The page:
The omega 3s found in oily fish such as sardines, herring, kippers and wild salmon are excellent for the heart. Magnesium acts as a relaxant, so snack on some pumpkin seeds to help keep your 
heart healthy.


A grey shadow just under the eyelashes, which often looks like smudged eye make-up, highlights a problem with the stomach. There may also be a single furrow in the middle of the eyebrows, above the nose.

“Low stomach acid is one of the most common digestive conditions,” says Mary-Lou.

“About 90 per cent of the people I treat have low stomach acid and it is vital for good health because one of its main functions is to assimilate animal protein, which we need for our brain, our hormones and our moods. To make stomach acid, our bodies need vitamin B6 and zinc, but when we are stressed and when our sugar and caffeine intake is high, B6 and zinc get depleted.

“Without stomach acid, food won’t get assimilated properly, so no matter how healthy our diet 
is, the nutrients won’t get used.”

Indigestion and heartburn show low stomach acid, but it also manifests with depression, poor memory and mood disorders.

Take a good supplement of hydrochloric acid, such as Nutri-West Hypo-D.


Bags and puffiness under the eyes, which make us look as if we’ve had too many late nights.

“The adrenal glands control 
the body’s response to stress, so 
if you are permanently stressed, this will have a knock-on effect 
on your adrenals,” says Mary-Lou. “A diet high in sugar and caffeine also affects the adrenal glands.

“These bags are usually seen on stressed people who have a blood sugar imbalance. These individuals are so busy, worried or anxious, they turn to sweet food such as chocolate or caffeine for energy and to keep their spirits up, but while they get a temporary lift, they experience a blood sugar crash soon after. This leaves them feeling even more tired and irritated, so they reach for more sugary food or another coffee to pick them up again.”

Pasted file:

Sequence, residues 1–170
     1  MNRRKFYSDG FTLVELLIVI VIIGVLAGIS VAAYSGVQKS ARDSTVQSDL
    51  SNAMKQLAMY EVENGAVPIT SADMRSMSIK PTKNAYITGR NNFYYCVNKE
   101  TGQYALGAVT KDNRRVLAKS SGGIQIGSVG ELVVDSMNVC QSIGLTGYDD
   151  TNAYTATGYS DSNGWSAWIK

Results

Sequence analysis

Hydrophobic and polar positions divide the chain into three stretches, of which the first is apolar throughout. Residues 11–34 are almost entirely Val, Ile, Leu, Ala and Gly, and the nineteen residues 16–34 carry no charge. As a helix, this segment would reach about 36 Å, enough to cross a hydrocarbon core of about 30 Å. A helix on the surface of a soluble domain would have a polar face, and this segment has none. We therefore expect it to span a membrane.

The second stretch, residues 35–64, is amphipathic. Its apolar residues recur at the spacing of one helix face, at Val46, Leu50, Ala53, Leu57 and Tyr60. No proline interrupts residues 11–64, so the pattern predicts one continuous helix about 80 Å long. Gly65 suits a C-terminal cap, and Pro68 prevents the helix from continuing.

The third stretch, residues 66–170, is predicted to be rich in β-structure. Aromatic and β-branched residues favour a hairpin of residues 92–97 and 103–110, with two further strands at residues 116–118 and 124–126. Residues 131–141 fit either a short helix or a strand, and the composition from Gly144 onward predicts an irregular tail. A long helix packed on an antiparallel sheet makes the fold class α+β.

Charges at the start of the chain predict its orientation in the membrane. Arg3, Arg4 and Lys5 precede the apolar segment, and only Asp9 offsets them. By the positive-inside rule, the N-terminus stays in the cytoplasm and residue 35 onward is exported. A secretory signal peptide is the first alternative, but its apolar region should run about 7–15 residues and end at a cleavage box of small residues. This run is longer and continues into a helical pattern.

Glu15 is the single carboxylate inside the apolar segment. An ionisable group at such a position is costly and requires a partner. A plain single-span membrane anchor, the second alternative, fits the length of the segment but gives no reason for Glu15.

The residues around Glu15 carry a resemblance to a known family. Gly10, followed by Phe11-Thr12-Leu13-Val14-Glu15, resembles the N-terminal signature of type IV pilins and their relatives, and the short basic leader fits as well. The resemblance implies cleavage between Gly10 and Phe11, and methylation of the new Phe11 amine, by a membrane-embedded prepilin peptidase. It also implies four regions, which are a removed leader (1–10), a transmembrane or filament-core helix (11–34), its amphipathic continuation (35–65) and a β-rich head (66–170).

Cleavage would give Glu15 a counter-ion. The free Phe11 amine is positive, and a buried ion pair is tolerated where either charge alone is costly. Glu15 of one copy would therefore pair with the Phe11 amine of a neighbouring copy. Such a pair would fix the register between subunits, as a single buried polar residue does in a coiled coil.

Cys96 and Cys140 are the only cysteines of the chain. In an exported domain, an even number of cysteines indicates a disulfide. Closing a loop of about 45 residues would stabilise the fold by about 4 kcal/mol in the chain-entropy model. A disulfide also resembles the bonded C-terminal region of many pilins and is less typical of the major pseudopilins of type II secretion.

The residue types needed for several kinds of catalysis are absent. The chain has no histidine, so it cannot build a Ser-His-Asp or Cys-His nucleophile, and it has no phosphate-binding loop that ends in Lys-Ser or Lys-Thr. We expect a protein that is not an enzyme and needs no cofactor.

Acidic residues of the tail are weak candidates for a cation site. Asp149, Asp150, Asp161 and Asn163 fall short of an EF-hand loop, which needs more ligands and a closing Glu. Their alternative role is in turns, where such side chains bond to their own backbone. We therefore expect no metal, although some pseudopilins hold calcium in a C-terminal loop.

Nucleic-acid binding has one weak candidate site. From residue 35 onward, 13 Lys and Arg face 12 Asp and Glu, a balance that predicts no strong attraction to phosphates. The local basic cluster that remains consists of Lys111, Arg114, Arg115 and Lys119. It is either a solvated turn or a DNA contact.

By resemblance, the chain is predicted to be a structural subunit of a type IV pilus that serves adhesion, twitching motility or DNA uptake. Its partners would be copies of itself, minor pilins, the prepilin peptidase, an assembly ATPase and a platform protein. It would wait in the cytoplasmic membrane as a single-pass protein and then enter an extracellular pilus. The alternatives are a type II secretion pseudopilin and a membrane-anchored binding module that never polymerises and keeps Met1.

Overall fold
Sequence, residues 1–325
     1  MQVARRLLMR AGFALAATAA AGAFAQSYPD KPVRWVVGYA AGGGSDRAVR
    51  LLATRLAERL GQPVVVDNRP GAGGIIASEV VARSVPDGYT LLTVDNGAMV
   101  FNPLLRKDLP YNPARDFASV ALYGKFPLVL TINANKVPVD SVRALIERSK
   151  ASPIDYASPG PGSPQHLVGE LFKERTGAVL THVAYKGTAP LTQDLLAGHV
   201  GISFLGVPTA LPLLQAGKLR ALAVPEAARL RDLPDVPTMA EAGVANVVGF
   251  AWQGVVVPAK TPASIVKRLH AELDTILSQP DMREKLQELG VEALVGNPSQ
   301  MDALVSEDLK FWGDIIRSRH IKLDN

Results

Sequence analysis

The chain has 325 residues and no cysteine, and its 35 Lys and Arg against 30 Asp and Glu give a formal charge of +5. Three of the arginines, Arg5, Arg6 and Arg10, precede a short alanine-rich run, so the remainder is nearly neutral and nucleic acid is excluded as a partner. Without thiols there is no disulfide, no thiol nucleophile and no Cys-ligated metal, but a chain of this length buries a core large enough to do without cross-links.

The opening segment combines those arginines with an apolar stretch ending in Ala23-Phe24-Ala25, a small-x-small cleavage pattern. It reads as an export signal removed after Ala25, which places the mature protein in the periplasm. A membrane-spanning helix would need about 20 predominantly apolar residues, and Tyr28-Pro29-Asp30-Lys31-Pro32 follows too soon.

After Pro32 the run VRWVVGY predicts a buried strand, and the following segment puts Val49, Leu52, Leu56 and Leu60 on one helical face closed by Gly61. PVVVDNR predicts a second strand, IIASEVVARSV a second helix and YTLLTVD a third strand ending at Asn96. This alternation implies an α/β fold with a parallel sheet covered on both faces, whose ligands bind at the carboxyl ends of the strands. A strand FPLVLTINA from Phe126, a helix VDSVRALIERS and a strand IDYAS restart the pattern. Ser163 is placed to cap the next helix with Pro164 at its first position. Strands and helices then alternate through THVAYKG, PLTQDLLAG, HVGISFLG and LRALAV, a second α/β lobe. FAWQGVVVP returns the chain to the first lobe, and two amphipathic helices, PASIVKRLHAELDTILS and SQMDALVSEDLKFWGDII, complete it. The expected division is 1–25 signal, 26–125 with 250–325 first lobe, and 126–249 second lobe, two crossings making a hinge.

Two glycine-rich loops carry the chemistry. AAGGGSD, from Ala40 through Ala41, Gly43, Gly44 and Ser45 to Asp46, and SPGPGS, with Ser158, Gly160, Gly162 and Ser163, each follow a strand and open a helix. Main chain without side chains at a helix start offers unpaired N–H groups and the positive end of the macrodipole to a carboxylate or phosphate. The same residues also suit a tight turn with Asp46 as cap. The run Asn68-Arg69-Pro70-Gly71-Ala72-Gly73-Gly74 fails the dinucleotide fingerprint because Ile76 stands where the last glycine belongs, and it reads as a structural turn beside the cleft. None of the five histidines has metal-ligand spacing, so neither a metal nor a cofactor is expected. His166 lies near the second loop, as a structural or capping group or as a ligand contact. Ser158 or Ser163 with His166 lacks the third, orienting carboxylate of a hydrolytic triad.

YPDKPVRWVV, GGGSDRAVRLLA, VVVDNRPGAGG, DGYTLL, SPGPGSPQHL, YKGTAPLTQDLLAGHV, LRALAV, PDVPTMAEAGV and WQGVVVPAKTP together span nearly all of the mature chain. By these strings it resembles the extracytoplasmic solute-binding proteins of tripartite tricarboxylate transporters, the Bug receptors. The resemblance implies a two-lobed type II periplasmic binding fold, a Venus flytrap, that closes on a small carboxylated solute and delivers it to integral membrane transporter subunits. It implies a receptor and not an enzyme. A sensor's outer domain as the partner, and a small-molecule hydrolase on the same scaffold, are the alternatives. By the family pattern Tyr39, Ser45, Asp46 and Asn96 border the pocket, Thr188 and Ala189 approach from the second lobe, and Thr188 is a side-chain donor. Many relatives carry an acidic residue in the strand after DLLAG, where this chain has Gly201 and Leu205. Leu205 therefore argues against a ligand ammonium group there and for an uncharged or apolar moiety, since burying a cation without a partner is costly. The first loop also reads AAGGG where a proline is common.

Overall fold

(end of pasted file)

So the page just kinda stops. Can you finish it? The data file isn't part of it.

Mood swings, irritability, poor sleep patterns and anxiety are all signs of sugar imbalance and adrenal fatigue.

When we’re stressed we make more cortisol, a fat-storing hormone, which causes us to put on weight around our abdomen. Inflammation (anything that ends in –itis) is linked to high cortisol.

Avoid carbohydrates such as white bread, rice, flour and pasta, and fizzy drinks, because they will trigger the blood sugar roller coaster. Instead, sprinkle cinnamon on your cereal or porridge to stabilise your blood sugar. Eating quality protein such as fish and nuts will keep your blood sugar in check.

“Eggs are a natural tranquilliser,” says Mary-Lou. “So if you have a stressful or busy day ahead, have an egg or two for breakfast.”